On The Job
A radio station does not run on music
alone. It requires a state-of-the-art studio with
cutting-edge technology. It takes talented personalities
behind the microphone, and passionate, dedicated people
behind the scenes.
And it takes something extra, something
intangible ... something called
The heart and soul of
Classic KYA Radio
is Super Harlow, with its keen sense of musical themes
and moods, working alongside
Gary Mora and
instinctively knowing just which hit record should be
played at just the right time.
Does the moment call for something by The
Beatles ... or something by Jackie Wilson? An obscure
nugget from 1958, or the #1 song of the year for 1969?
Buffalo Springfield or Dusty Springfield? Is it "Monkey
Time" or time for the theme from The Monkees? Unit 4 + 2,
The Three Degrees, The Four Tops, We Five, The New
Colony Six ... whatever the number,
Super Harlow has it
ready to go!
The music is not picked at random -- the
records you hear on Classic
KYA Radio come from actual 1260/KYA
playlists and music surveys from the 1950s, 1960s and
1970s, meaning that the music you hear today is the same
music heard on the Boss of
the Bay in its original incarnation. (But
don't worry -- Super Harlow also plays your requests by
email and off the KYA Action
Line from around the Bay Area and
addition, the presentation -- from the sequencing of the
great 1260/KYA jingles to the patterns that song genres
are played -- is based directly on the blueprint KYA
used in the 1960s, when the station was at the height of
its popularity as Golden
Gate Great Radio.
Archival airchecks of KYA, including
those preserved by the
Bay Area Radio Museum, were dissected,
studied and reconstructed to create the foundation of
Classic KYA Radio's
hourly programming schedule, meaning that your Monday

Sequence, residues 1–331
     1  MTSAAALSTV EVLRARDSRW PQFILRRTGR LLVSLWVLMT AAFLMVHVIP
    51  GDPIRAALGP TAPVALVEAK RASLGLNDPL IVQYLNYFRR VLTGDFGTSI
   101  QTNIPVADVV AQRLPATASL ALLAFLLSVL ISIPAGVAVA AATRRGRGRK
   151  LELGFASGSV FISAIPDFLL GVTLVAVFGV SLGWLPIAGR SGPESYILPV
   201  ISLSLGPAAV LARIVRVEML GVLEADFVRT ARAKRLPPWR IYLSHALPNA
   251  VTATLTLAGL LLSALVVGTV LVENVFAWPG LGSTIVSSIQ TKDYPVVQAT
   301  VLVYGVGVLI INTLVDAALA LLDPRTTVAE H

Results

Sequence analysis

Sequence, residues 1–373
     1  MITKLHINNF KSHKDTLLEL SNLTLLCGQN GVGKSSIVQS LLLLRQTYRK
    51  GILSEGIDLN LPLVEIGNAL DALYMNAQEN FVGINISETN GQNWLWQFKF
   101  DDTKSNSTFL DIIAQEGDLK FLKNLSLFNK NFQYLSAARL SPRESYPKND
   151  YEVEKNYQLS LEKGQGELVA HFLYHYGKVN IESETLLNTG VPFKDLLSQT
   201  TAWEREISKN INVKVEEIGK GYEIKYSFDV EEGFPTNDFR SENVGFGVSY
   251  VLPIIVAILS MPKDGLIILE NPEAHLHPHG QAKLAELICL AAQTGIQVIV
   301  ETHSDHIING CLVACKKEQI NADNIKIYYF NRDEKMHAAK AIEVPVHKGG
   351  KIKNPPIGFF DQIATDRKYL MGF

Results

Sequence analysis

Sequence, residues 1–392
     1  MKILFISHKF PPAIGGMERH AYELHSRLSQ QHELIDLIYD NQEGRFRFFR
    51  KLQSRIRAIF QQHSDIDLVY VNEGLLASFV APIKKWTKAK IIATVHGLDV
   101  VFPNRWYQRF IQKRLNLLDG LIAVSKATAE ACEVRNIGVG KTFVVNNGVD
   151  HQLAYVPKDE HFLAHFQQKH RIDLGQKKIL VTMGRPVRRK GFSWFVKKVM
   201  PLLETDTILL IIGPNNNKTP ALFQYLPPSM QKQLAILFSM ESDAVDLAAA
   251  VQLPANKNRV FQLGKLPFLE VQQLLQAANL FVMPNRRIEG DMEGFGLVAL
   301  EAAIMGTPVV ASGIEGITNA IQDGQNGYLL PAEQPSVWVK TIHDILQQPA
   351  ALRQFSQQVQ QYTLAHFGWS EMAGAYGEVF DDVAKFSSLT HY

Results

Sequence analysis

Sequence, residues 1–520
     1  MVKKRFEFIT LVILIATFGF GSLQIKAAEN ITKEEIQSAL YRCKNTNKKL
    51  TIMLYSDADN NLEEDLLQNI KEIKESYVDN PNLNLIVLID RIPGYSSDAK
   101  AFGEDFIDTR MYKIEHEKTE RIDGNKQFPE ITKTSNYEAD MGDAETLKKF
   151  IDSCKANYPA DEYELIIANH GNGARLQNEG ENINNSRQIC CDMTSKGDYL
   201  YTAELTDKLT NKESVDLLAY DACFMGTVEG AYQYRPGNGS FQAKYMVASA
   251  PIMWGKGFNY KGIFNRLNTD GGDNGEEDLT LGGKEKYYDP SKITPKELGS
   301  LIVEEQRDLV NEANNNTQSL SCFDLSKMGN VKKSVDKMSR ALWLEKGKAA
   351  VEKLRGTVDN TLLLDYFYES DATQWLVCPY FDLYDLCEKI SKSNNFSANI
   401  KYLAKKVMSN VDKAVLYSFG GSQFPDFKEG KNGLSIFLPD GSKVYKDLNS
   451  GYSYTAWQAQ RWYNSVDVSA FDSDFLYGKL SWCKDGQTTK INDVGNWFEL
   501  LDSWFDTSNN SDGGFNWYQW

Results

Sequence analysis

morning wake-up music mix will be different than what
you hear at eight p.m. on Wednesday evening, and your
Saturday night will sound quite unlike what you'll hear
on Sunday afternoon.
The name "Super Harlow" is a loving
Russ "The Moose" Syracuse's engineer on KYA's
"All Night Flight To International Nowhere," the
legendary Harlow Meyers. The original Super Harlow
passed away in 1999, leaving behind an incredible legacy
as one of the greatest radiomen of the era.
has been held in Minnesota for Harlow
Meyers, a San Francisco disc jockey and
radio engineer known as Super Harlow, who
was a mainstay of Top 40 radio station KYA
during the 1960s.
78, died February 22, 1999, in a suburban
Minneapolis nursing home after a stroke.
was born in Minneapolis and attended the
University of Minnesota. He was a Navy
veteran of World War II.
1950s, he came to California and attended
broadcasting school in Los Angeles. He
worked for a time at a San Luis Obispo radio
station before joining KYA in the '60s and
becoming the engineer and sidekick for Russ
"The Moose" Syracuse on the "All Night
perhaps best known for helping Syracuse
"bomb" mediocre records with aircraft sound
effects. Halfway through a particularly
awful song, the aircraft sounds would begin
and the music would abruptly end.
accomplished, Super Harlow!" Syracuse would
Francisco radio historian Ben Fong-Torres
said Mr. Meyers was "part of what made
personality radio what it was in the golden
age of Top 40."
recalled his old partner fondly.
Harlow was a wonderful guy," Syracuse said
yesterday. "I never could have found my way
to international nowhere without him."
was also an accomplished handball player and
a member of the South End Rowing Club.
survived by cousin Julie Gainsley of San
Francisco and several cousins in Minnesota.
Photograph of the real Super
Harlow courtesy of Kent Hedberg.